MELLOW WITH AGE
As he has matured, Ben Lee has found it easier shake off the negative perceptions – not just from others, but from himself as well. The Australian singer-songwriter heads on a national tour this month
There was a degree of camaraderie about Ben Lee’s showcase performance at the Great Hall in Toronto, part of Canadian Music Week earlier this month, not least because also on the bill was the Lemonheads’ Evan Dando.
It’s 21 years since Lee, then 15, paid tribute to Dando in song, when the young Sydney musician and his band Noise Addict released I Wish I was Him. Since then the two musos have collaborated often, on tour and in the recording studio. What’s more, both of them have been able to sustain careers as solo artists long after their respective bands broke up. In Toronto, for one night only, they were reunited.
“He’s a funny person to have spent such a formative part of my life with,” Lee says the following day, holding court in the front room of a Toronto B & B. The environment is hardly rock ’n’ roll central, but it’s one to which the singer, who releases his new album Love is the Great Rebellion tomorrow, has become accustomed.
Like many solo troubadours in the modern rock world, Lee, who has been based in Laurel Canyon in California for seven years, includes fans’ homes – and even his own – on his touring schedule.
“I’ve been doing online streaming concerts,” he says. “I’ve been doing Gigroom, where I do concerts in people’s houses, and they are all pretty good at generating money and they allow me to connect with my audience, so what do I have to complain about?”
Lee, labelled precocious and worse by critics when he burst on to the Australian scene in the late 1990s claiming to be Australian pop’s saviour with albums Something to Remember Me By and Breathing Tornados, has a humble streak about him. He has matured in the wake of becoming a parent five years ago. That maturity is one of the things reflected in the upbeat songs that make up Love is the Great Rebellion.
The recording is in sharp contrast to his previous album, Ayahuasca: Welcome to the Work, a relatively dense collection inspired by his experience with the powerful Peruvian psychoactive drug ayahuasca.
“Being a parent has just made me grow up and realise I was in the wrong areas, wasting energy, picking the wrong battles,” he says. “It’s made me pursue the things that are really important.”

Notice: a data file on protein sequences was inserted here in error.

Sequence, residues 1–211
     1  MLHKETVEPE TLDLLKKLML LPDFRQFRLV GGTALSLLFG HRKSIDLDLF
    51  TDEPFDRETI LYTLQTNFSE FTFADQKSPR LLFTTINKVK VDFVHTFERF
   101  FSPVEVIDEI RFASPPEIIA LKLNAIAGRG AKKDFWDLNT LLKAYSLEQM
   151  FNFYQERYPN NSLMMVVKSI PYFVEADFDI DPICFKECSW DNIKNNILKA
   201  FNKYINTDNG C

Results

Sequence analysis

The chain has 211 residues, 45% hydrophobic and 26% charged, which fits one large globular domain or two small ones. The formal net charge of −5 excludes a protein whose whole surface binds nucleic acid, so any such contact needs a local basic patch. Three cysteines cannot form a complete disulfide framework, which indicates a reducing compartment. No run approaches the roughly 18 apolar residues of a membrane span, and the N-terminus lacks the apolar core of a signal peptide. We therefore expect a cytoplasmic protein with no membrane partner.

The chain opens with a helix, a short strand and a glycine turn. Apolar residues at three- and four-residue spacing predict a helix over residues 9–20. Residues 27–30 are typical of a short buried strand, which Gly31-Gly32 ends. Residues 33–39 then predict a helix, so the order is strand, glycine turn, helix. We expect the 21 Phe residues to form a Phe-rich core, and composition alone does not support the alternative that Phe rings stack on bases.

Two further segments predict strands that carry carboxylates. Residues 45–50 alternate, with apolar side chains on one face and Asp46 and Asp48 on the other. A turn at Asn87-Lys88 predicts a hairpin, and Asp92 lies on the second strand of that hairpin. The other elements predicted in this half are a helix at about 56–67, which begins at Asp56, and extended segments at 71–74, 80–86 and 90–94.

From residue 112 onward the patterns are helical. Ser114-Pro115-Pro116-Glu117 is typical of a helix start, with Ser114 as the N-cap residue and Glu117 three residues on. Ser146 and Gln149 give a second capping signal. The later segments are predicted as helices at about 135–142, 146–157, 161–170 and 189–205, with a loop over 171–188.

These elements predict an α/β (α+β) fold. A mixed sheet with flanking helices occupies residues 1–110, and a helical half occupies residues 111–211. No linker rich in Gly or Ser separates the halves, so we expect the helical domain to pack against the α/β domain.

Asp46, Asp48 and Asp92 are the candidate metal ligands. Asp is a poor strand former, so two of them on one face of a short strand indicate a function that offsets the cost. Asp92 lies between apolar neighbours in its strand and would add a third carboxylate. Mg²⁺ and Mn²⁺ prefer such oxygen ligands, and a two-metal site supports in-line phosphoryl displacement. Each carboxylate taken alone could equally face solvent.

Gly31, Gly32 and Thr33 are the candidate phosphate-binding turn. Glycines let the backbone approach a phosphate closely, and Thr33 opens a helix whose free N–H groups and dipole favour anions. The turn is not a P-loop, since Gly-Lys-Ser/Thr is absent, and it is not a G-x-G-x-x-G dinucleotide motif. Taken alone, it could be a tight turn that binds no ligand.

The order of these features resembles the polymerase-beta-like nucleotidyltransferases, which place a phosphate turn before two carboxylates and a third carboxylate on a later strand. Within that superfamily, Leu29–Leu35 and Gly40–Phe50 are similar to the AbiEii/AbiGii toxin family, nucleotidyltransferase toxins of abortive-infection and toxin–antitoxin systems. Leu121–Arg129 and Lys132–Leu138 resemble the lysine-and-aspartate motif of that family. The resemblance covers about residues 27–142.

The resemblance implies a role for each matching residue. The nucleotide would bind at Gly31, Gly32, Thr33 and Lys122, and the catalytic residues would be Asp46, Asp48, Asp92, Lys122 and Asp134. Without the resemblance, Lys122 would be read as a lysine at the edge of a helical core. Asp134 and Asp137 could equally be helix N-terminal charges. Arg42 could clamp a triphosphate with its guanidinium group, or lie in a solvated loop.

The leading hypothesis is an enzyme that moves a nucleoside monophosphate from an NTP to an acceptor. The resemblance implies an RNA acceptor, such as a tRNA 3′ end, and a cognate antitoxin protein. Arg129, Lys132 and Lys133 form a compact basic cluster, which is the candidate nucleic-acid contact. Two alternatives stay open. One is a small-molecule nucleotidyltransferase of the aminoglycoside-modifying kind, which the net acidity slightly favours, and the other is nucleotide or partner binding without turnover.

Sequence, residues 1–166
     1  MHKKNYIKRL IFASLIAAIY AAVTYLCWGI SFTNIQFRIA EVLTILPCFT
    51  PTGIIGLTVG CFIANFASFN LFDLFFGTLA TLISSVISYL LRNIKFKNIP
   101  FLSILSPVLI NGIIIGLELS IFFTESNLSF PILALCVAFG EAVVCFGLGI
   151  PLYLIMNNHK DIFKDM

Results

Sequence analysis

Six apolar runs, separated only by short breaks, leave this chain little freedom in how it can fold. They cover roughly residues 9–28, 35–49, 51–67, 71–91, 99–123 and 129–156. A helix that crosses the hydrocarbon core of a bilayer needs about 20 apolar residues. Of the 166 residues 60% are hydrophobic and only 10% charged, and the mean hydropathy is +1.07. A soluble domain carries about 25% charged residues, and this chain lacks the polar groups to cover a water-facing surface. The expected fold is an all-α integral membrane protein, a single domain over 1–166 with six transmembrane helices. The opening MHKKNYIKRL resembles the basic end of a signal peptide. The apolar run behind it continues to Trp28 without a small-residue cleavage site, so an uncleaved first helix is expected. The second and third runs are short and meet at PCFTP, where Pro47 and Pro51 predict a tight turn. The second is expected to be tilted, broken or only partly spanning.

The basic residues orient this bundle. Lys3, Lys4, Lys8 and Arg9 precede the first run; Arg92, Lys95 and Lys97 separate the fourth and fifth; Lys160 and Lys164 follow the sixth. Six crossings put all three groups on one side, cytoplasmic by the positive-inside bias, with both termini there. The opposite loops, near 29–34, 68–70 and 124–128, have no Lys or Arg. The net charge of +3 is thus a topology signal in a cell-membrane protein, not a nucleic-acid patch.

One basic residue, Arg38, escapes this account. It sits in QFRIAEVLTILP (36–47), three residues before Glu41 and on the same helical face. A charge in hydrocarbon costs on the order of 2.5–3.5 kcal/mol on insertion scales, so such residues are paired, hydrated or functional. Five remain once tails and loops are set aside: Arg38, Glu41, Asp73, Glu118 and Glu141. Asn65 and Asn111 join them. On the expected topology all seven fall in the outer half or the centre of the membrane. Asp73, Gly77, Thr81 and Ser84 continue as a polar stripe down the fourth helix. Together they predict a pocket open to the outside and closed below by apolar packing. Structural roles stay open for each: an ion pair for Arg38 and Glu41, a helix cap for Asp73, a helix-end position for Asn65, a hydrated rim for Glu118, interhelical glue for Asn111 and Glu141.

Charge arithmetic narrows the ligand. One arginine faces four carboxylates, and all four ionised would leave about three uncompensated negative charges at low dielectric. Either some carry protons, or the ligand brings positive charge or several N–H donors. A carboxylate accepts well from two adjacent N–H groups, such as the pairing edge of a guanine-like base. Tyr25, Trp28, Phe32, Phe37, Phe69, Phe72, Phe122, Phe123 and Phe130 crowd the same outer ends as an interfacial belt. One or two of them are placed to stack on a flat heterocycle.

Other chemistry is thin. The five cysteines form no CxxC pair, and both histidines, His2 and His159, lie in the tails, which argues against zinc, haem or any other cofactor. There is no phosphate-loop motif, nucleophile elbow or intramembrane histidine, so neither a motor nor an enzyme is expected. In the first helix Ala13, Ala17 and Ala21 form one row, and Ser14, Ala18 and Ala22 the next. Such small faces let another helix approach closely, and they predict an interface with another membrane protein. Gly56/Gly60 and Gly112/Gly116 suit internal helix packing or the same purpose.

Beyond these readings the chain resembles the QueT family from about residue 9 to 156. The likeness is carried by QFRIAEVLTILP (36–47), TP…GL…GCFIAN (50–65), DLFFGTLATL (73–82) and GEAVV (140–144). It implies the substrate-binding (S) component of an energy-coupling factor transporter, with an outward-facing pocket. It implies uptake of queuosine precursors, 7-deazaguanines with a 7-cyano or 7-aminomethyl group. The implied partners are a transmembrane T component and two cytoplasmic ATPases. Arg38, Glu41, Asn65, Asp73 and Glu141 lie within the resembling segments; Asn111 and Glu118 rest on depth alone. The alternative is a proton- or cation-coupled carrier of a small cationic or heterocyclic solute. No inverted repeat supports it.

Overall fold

Thus we have tracks on the album such as Goodbye to Yesterday, I’m Changing My Mind, Big Love and The Universe Inside.
“These lyrics are some of the strongest I’ve written,” he says.
The album was produced by Brad Wood, who has been at the controls of Lee’s work regularly since his debut album Grandpaw Would in 1995.
Lee previews some of the material at the Toronto show and it is well received, but it’s the songs everyone knows best, such as Cigarettes Will Kill You and Catch My Disease, the singer’s two biggest hits, that cause the audience to surge towards the stage. Lee says he is resigned to playing the old songs people want to hear, although he’s not entirely happy.
“I don’t thrive playing my older material,” he says. “I’m interested in what’s next.”
The peak of Lee’s success came 10 years ago with the release of Awake is the New Sleep, a multiple ARIA winner. Its centrepiece Catch My Disease won ARIA single of the year and APRA song of the year in 2005 and 2006 respectively. Since then his output has been consistent and critically praised without being so commercially successful.
He still has a loyal fan base, however, here and overseas, which is a little ironic given his long-held views about people who come to see him.
“I’ve always thought of the audience as the enemy,” he says. “That’s very immature. I think I perceived the level of intimacy and expectation as limiting, much like in the way people start dating and getting in relationships and say: ‘Oh, you’re cramping my style.’ Then you realise later that within monogamy there is the freedom to be yourself, supported by another person.”
Ben Lee says becoming a parent five years ago has helped him focus on the important things in life.